This book would stand up much better had the author not attempted to colour the philosophy with a storyline. As a work of "fiction" is high school level at best.
The premise of transhumanism is interesting, but I find it horribly cold and depressing.
The protagonist, Jethro Knights, is a one dimensional and crude character, while the storyline is absurdly far-fetched, and mundane. An elite group of scientists, who have formed the nation of (insert cringe here) Transhumania defeat the combined might of the world's military in just a few days, and humanity (with the exception of small pockets of resistance) embraces transhumanism and before long cures for cancer and cryogenic rebirth become the norm and everyone appears to go on and live happily ever after.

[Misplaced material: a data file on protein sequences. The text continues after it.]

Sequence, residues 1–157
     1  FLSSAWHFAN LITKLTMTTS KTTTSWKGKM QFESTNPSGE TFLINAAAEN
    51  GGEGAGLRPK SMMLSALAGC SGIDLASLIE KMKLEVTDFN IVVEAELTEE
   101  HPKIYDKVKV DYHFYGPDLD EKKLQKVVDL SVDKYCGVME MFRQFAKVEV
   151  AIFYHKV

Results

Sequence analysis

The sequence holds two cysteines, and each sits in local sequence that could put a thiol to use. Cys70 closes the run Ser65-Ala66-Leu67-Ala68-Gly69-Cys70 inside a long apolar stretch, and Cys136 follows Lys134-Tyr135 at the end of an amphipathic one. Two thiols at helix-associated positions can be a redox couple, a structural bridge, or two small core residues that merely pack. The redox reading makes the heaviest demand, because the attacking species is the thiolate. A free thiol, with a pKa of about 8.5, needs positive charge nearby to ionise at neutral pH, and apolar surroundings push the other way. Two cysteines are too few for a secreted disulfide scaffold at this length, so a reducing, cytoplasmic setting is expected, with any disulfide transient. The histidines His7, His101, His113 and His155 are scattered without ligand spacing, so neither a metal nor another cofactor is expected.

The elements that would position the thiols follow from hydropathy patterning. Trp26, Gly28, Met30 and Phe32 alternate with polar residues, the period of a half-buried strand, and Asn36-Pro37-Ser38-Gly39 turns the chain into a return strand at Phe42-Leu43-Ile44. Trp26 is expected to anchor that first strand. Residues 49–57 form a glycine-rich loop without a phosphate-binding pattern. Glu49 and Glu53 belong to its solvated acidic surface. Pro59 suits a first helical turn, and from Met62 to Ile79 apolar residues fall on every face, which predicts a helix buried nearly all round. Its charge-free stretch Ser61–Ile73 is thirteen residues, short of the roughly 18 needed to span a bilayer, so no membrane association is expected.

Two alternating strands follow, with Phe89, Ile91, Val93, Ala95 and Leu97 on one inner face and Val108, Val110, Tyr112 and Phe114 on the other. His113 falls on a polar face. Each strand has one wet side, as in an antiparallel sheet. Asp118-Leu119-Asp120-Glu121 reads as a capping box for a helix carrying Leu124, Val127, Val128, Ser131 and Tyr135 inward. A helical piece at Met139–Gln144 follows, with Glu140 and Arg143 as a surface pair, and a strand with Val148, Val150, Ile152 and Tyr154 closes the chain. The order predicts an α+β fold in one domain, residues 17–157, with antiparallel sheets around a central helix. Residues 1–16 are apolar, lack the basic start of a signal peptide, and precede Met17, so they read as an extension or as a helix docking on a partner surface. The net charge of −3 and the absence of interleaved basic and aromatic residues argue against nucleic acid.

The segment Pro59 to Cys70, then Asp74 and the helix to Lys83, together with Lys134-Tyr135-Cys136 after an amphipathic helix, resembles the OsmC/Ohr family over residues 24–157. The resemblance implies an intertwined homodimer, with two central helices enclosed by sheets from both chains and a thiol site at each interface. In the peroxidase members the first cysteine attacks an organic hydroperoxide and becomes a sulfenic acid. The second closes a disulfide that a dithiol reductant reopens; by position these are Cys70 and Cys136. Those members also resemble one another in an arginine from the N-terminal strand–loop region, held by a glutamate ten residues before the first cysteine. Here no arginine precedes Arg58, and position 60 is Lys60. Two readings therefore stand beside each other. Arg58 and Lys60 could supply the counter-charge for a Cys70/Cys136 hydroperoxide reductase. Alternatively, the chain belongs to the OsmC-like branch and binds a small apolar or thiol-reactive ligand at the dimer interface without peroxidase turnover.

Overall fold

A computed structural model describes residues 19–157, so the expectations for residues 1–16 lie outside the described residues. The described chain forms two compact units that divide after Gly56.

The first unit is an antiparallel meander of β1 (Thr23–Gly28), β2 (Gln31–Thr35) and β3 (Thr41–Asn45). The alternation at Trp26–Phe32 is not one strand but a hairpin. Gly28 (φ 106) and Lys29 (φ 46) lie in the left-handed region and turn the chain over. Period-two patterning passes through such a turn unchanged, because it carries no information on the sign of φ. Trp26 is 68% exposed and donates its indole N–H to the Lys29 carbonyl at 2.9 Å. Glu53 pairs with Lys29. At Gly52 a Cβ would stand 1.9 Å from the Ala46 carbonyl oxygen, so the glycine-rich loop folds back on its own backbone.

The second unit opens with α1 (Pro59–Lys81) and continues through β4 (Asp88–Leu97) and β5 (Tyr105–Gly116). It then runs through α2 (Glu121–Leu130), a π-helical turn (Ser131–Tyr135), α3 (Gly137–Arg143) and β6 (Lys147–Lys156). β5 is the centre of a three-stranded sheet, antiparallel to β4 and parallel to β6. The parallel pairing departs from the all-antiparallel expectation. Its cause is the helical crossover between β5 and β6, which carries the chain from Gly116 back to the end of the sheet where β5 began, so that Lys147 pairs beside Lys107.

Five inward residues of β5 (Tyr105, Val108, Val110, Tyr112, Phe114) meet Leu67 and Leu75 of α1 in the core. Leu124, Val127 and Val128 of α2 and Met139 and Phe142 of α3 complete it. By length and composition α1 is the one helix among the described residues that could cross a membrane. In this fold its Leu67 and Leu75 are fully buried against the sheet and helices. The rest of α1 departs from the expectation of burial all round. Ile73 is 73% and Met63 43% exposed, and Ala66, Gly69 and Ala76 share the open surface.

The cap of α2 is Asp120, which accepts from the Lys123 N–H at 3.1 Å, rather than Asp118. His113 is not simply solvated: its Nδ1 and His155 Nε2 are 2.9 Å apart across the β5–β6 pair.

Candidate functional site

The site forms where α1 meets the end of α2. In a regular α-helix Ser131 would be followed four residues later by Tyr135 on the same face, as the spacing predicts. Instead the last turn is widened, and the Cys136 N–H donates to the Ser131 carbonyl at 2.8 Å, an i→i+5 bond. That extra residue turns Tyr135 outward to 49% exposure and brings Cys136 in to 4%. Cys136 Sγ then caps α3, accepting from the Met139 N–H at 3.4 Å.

Really, this book would have so much more credibility if it had just been presented as a treatise on the philosophy of transhumanism.
As for the philosophy, it offers some thoughtful arguments, but it also strips away the nobler concepts of humanity. It is not evolution but devolution, where the greatest humans would be technologically advanced and cultured.......animals.